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NHS 'skills passport' set for national rollout


A year-long 'skills passport' pilot tested by seven NHS trusts has received ringing endorsement by sector skills council Skills for Health, in what is hoped could lead to a full national rollout.

The system allows workers to create a verified online record of their skills, qualifications and experience, and enables prospective or existing employers to save duplicating training where it is not needed – especially stautory mandatory training if staff move between employers.
Alison Strode, divisional manager, Skills for Health, said: "There’s an awful lot of internal movement within the NHS, so there is a real need for a proper record of workers’ skills. Also, much of the experiential training workers receive over their years working goes unrecorded."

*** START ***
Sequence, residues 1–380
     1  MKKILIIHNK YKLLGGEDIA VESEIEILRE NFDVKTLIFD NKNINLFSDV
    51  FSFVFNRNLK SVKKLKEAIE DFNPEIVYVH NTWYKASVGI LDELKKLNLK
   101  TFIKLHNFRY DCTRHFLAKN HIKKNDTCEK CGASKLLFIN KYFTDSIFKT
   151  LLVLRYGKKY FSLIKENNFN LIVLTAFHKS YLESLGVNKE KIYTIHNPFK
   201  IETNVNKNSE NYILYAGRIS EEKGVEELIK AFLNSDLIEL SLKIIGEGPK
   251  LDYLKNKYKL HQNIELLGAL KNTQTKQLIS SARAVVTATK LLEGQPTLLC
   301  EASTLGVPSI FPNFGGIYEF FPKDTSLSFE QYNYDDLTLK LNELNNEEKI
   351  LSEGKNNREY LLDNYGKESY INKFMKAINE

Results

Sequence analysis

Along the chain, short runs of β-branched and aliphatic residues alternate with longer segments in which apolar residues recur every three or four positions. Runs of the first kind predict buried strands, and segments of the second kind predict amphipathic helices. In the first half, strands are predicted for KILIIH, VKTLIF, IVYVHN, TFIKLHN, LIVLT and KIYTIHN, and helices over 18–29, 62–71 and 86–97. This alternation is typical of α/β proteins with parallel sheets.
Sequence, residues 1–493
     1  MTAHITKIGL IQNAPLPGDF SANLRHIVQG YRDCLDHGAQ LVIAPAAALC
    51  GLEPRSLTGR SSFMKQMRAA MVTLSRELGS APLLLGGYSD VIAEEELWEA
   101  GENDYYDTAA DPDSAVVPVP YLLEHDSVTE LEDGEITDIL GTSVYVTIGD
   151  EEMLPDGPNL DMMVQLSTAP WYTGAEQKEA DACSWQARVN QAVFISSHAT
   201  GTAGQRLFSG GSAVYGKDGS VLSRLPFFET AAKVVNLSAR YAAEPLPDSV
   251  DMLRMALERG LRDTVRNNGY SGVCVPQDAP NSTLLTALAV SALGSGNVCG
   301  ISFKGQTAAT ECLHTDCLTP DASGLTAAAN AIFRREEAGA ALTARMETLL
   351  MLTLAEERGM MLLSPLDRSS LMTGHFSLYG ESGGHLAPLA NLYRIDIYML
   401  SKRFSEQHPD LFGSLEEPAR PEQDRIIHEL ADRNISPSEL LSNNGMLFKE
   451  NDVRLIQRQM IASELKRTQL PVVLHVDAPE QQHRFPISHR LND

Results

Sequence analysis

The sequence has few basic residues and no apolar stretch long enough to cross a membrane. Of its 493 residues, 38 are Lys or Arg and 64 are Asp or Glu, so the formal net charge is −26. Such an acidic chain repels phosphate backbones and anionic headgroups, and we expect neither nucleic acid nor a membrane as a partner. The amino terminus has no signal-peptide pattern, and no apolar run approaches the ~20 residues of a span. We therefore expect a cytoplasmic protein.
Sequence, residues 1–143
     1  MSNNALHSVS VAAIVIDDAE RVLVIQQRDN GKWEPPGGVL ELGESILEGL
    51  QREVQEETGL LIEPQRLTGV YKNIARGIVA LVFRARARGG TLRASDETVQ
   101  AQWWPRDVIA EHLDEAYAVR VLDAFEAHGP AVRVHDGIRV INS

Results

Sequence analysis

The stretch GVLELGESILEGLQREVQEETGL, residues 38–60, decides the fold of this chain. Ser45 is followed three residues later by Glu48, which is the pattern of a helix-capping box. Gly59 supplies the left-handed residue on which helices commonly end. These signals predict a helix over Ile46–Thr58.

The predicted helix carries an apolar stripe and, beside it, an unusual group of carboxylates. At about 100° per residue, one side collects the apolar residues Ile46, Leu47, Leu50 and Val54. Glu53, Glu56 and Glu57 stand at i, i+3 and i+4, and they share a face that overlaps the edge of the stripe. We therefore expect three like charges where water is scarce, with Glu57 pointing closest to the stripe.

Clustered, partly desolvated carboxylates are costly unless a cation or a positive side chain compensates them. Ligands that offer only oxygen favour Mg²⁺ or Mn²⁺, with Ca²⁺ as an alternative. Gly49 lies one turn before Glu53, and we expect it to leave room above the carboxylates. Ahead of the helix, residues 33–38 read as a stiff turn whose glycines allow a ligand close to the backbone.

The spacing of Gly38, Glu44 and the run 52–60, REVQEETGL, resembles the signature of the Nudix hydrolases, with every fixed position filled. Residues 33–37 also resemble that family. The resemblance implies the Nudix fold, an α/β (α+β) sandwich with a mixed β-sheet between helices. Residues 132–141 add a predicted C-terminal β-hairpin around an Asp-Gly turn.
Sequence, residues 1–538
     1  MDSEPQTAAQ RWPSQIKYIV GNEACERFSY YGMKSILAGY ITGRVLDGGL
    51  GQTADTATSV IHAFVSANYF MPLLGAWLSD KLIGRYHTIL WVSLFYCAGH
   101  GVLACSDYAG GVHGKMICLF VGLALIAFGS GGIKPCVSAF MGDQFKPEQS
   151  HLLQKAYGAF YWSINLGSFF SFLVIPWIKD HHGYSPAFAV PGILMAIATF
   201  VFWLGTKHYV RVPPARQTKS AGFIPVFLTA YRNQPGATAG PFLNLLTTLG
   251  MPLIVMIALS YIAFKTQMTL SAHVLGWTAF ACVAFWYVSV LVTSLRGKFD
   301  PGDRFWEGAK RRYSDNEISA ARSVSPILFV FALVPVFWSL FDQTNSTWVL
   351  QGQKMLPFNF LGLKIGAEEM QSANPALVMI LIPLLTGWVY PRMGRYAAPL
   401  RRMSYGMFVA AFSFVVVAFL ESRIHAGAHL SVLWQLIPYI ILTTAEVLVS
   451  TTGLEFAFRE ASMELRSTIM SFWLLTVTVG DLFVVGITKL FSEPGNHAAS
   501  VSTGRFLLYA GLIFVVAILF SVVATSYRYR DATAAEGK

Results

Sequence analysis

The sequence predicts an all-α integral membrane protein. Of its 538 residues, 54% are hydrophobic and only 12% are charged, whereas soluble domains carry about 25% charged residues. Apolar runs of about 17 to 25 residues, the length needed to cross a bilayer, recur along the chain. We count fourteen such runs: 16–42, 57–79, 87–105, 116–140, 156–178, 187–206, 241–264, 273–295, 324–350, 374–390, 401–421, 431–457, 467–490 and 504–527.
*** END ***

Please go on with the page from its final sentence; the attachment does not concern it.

The passport is accessed online, and self-updated, but verified by qualified line managers. John Rogers, Skills for Health CEO, said: "This pilot has demonstrated there is clear ‘proof of concept’ for a passport for the health sector. It is a very exciting tool with huge potential to deliver real benefits to all health sector employers and staff members."
The project to pilot a skills passport for the nursing workforce was a recommendation in the Government’s ‘Modernising Nursing Careers, Setting The Direction’ consultation (2006), and was carried out under the guidance of the deputy chief nursing officer for England, David Foster.

 Foster said: "The nursing workforce has repeatedly called for some form of competency passport to support the modernisation of nursing careers and this pilot was a direct response to that call. Not only has the pilot confirmed the case for a skills passport, but has also highlighted a range of potential additional benefits for employers, health workers throughout the UK."